Date/Time
Date(s) - 07/27/2017
7:00 pm - 9:00 pm

Location
Buena Vista Community Center


FREE Lecture by Camilla H. Fox, MA

Come learn about why native carnivores matter, and how they keep ecosystems healthy. America’s war against predators is costly, brutal, and often ineffective. Highlighting Project Coyote’s national programs aimed at stopping the mistreatment and mismanagement of carnivores through education, science and advocacy, Camilla will show that educated coexistence is the way forward.

Camilla H. Fox is the founder and Executive Director of Project Coyote http://www.projectcoyote.org  – a national coalition of scientists and educators promoting compassionate conservation and coexistence between people and wildlife through education, science, and advocacy. She has served in leadership positions with the Animal Protection Institute, Fur-Bearer Defenders, and Rainforest Action Network and has spearheaded national, state and local campaigns aimed at protecting native carnivores and fostering humane and ecologically sound solutions to human-wildlife conflicts.

With 20+ years of experience working on behalf of wildlife and wildlands and a Masters degree in wildlife ecology, policy, and conservation, Camilla’s work has been featured in several national and international media outlets including the German documentary, Coyote: The Hunted Hunter, three North American documentaries: American Coyote – Still Wild at Heart, Wild Things and On Nature’s Terms, as well as The New York Times, the BBC, NPR, Orion, National Geographic, and Mother Jones.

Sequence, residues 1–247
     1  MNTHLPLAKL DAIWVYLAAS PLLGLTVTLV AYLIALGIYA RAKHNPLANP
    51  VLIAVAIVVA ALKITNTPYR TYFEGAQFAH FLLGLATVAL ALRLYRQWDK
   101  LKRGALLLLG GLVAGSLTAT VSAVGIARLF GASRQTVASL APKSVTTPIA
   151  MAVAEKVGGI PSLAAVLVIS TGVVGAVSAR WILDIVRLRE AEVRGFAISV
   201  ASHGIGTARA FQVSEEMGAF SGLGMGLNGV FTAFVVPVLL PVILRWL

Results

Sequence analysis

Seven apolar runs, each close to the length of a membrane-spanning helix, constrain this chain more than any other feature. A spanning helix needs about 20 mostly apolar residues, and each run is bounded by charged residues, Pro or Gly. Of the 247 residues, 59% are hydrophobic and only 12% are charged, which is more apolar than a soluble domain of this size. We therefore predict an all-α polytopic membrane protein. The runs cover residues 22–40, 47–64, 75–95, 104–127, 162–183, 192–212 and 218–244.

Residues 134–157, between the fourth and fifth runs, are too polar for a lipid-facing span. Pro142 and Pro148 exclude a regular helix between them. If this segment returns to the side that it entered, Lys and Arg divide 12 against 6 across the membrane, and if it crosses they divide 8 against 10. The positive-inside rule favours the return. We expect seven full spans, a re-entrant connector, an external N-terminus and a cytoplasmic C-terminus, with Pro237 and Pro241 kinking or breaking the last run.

A frequent speaker and blogger on these issues, Camilla has authored more than 70 publications and is co-author of Coyotes in Our Midst: Coexisting with an Adaptable and Resilient Carnivore, co-editor and lead author of the book, Cull of the Wild: A Contemporary Analysis of Trapping in the United States and producer of the award-winning documentary Cull of the Wild ~ The Truth Behind Trapping. Camilla has served as an appointed member on the U.S. Secretary of Agriculture’s National Wildlife Services Advisory Committee and currently serves on several national non-profit advisory boards.  In 2006, Camilla received the Humanitarian of the Year Award from the Marin Humane Society and the Christine Stevens Wildlife Award from the Animal Welfare Institute. She was named one of the 100 Guardian Angels of the Planet in 2013 and the 2014 Conservationist of the Year Award by the John Muir Association. In 2015 she was honored with the Grassroots Activist of the Year Award by the Fund for Wild Nature.  For more information visit www.collegiatepeaksforum.org

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